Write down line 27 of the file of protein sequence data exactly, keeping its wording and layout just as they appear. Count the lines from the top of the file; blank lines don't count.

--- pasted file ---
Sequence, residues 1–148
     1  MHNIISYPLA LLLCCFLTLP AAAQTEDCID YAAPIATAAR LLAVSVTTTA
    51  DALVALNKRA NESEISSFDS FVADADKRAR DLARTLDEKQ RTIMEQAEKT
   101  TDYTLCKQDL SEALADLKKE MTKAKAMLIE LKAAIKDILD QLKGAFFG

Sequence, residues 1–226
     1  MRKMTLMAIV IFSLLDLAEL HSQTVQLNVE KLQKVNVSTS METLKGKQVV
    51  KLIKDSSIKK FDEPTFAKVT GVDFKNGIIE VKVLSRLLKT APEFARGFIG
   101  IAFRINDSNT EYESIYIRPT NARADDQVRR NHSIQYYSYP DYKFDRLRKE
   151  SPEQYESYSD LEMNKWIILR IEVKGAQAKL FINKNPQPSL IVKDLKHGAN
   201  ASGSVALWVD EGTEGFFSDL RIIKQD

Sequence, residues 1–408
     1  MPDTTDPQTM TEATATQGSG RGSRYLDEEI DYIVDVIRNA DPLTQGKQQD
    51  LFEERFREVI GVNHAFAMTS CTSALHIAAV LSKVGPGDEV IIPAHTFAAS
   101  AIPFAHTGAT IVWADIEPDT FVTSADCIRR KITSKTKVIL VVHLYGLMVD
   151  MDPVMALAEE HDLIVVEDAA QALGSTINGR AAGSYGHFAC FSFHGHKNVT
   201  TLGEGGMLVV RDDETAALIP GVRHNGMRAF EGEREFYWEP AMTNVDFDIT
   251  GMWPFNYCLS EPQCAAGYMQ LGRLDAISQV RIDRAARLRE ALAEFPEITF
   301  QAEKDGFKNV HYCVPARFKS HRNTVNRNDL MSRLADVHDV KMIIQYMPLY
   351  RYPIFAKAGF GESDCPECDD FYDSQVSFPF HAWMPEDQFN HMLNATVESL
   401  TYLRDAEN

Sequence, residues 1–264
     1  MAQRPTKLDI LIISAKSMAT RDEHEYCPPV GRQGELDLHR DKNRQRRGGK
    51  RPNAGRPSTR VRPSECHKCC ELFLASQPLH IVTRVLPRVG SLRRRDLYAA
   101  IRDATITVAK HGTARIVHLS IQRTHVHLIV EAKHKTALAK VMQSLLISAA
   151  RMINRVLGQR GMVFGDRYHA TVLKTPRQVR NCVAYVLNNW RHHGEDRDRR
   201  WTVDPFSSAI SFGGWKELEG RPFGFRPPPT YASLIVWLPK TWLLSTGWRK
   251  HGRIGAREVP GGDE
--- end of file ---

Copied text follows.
   251  HGRIGAREVP GGDE